In addition to the dubious fate of eroded carbon in these regions, the impacts of climate change are expected to cause further problems in the future. In the middle of the 21st century, the Arctic is most likely to be completely ice-free during summer. While smaller sea ice covers mean increased productivity, there is still uncertainty about nutrient availability in the Arctic. At the same time, warmer and cooler arctic waters can reduce carbon dioxide sink activity. Therefore, this modest balance between these processes can determine the net effect of future coastal erosion in the Arctic and can also help in understanding the carbon cycle.

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Figure 3. A cabin in arctic Alaska seen washed into the ocean because the cliff it was built on was eroded by rising sea levels. photo by USGS.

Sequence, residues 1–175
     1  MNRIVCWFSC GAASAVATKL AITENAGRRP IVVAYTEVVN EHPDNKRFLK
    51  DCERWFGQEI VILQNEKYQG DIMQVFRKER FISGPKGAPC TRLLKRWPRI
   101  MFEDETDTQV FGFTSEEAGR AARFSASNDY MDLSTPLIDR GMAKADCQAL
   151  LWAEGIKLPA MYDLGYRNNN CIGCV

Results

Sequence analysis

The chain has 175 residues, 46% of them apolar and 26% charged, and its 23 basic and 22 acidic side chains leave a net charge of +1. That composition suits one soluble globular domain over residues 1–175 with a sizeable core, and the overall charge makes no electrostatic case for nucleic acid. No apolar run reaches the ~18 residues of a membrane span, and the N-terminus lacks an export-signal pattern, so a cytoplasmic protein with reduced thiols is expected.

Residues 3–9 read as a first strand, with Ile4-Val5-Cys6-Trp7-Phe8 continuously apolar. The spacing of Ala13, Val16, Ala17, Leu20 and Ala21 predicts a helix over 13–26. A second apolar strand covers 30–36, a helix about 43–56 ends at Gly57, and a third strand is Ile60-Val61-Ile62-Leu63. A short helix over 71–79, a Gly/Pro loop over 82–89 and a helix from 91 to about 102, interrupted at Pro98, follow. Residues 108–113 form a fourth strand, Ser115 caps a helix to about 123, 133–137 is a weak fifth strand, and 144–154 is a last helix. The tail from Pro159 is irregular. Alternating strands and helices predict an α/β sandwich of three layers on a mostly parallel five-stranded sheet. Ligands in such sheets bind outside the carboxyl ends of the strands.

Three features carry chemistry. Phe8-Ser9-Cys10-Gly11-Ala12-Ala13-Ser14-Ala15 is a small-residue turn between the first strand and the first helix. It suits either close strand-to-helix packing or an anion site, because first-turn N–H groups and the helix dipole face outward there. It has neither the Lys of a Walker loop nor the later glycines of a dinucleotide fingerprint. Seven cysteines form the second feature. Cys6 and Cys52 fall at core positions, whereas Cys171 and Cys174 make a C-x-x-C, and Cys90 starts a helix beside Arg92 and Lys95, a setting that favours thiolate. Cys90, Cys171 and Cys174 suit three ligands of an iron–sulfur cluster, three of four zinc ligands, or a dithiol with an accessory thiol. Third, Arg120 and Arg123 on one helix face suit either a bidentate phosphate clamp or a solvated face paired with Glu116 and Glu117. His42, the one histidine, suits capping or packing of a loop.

The future of the arctic carbon cycle

A high proportion of Arctic residents live along coastal areas, and many derive their livelihood from terrestrial and coastal marine resources. In addition, the Arctic itself is a dynamic region of industrial, commercial, tourism and military developments. Therefore, the socio-economic consequences of a highly dynamic landscape will primarily become a recurring theme in the short and long term and will have a major influence on the decision-making and adaptation planning of local government bodies.

For example, let’s look at the remote village of Yupik in Newton, Alaska, located in an area of ​​highly variable permafrost along the Bering Sea. It is estimated that Newtok and another nearby Kivalina village will go under water in the next decade due to significantly high erosion rates along low cliff areas that have prompted relocation efforts in recent years. Federal, state and local officials supported favoring the development of housing, energy and an evacuation center. Alaska’s Division of Community and Regional Affairs (DCRA) has launched the Alaska Climate Change Mitigation Program, which will address risk mapping assessments and community planning processes, which also include feasibility studies on relocation sites.